Last week, Governor Andrew Cuomo announced a contract with Equinor Wind US to develop two new wind farms off the shore of Long Island. The $8.9 billion investment will yield a combined 2,490 megawatts of carbon-free energy.
As part of the agreement, Equinor will create a wind turbine staging facility and operations and maintenance hub at the Sunset Park site, as well as an offshore wind tower manufacturing facility at the Port of Albany.
When the wind farms are complete, more than half of the state’s electricity will come from renewable sources, which puts the state ahead of schedule to reach its goal of 70 percent renewable energy by 2030.
The projects in Brooklyn and Albany represent a combined $644 million investment, and will yield 2,600 short and long-term jobs, according to the governor.
“These projects will not only create power but bring needed economic opportunity to struggling parts of our state, create green jobs and make New York State a global wind energy manufacturing powerhouse,” Cuomo said.
Equinor, an energy company that has powered more than one million European homes with renewable offshore wind from four projects in the U.K. and Germany, will invest in port upgrades at the South Brooklyn Marine Terminal.
At 73 acres, it will be transformed into one of the largest dedicated offshore wind facilities in the country.
The project will translate to 1,200 new jobs.
“These projects will deliver homegrown, renewable electricity to New York and play a major role in the state’s ambitions of becoming a global offshore wind hub,” said Equinor CEO Anders Opedal.
The day after the announcement, local organizations in Sunset Park discussed what the project means for their community.
Elizabeth Yeampierre, executive director of UPROSE, Brooklyn’s oldest Latino community-based organization, noted that the group was formed in 1966 to fight an industrial sector that was causing asthma, upper respiratory disease and cancer.
“When we first started this work, we started it because we were fighting for our right to breathe,” she said, “something that resonates highly in the racial justice movement.”
While the industrial sector has declined, Yeampierre said some factions want to use manufacturing space for recreation and high-end use, when it should be used for climate adaptation, mitigation and resiliency.
Creating renewable energy projects is not just about reducing carbon, Yeampierre said, but also about fighting climate change and the ability to thrive economically. She said the new wind energy operations facility will send a message to other industrial waterfront communities that another world is possible.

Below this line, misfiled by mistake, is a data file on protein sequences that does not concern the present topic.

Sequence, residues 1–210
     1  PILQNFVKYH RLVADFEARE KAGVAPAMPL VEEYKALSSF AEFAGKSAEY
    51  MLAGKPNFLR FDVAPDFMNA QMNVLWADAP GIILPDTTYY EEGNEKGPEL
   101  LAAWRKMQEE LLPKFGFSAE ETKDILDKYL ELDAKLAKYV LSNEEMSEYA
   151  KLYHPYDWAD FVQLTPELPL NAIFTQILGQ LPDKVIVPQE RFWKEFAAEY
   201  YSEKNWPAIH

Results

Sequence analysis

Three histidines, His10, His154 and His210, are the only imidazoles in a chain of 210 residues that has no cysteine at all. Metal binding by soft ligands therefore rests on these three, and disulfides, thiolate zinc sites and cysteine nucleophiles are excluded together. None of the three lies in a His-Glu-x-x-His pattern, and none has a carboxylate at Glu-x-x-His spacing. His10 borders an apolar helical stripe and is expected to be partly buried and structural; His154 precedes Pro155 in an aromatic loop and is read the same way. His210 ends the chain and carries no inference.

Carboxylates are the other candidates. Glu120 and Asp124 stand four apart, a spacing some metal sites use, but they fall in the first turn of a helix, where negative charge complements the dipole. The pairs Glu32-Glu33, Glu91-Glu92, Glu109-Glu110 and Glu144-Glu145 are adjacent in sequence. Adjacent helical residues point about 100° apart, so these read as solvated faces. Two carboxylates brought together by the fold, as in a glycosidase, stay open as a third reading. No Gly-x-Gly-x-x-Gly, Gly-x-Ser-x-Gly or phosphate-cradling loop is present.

“It is possible to not only bring in infrastructure to reduce carbon, reduce pollutants, but to hire people and pay them decent wages,” she said. “It’s a win-win, it checks a lot of boxes.”
Eddie Bautista, executive director of the New York City Environmental Justice Alliance, said the project was a result of “respectful partnership” between elected officials and community activists, leading to the passage of the Climate Leadership and Community Protection Act last year.
The legislation, which Bautista declared was the “most ambitious climate law of all the 50 states,” mandates 100 percent net zero emissions across the state by 2050, renewable energy sources by 2040, and up to 40 percent of billions of dollars in clean energy funding directed toward low-income communities of color most impacted by climate change.
Born and raised in Red Hook and Sunset Park, Bautista said his father worked as a longshoreman. They both saw the decline of the manufacturing industry and the loss of blue-collar jobs in the area.
“My father would’ve never expected that when he was alive, that there would be this type of comeback,” he said. “We are back baby, and we are here for the long haul.”
Councilman Carlos Menchaca noted that the South Brooklyn Marine Terminal had been “at a crossroads” in many different ways. In 2015, however, community leaders discussed a master lease with the city’s Economic Development Corporation.
The community negotiated several demands, including only hosting maritime uses for the site, labor agreements and the creation of a task force to oversee the port’s future.
“They told us it was not possible, that the only future for Sunset Park were luxury spaces and luxury retail,” Menchaca said, in reference to the failed Industry City rezoning. “We said no. We did the work and the vision has been laid out.”
Public Advocate Jumaane Williams called the project a tremendous win.
“What we want is people not to come from on top and tell communities what they have to get, but to come to where the community is and be part of that discussion,” he said. “When we do that, great things happen.”
Another supporter of the wind energy facility is Senator Chuck Schumer, who said the project is the result of the forces for clean energy, good-paying jobs and helping communities of color coming together.
“This is a model not just for Brooklyn, not just for New York City, but for the country,” he said. “The wind is at our back. This is the first, but not the last of many great projects.”
Julia Bovey, director of external affairs for Equinor, said that many port owners and operators from South Carolina to Massachusetts tried to lure the company, but she said Equinor never “saw anything like the movement in this community,” which preserved the port for industrial maritime activity.
“How can a company like Equinor see that and not say that’s what we want to be part of?” Bovey said. “There is a hunger for companies that are willing to make commitments, put their money where their mouth is and say we are going to hire locally, to invest in the community.
“We’re going to invest in job training and access, these are the conditions of us using this facility,” she added. “These aren’t just promises, this is a part of our rent.”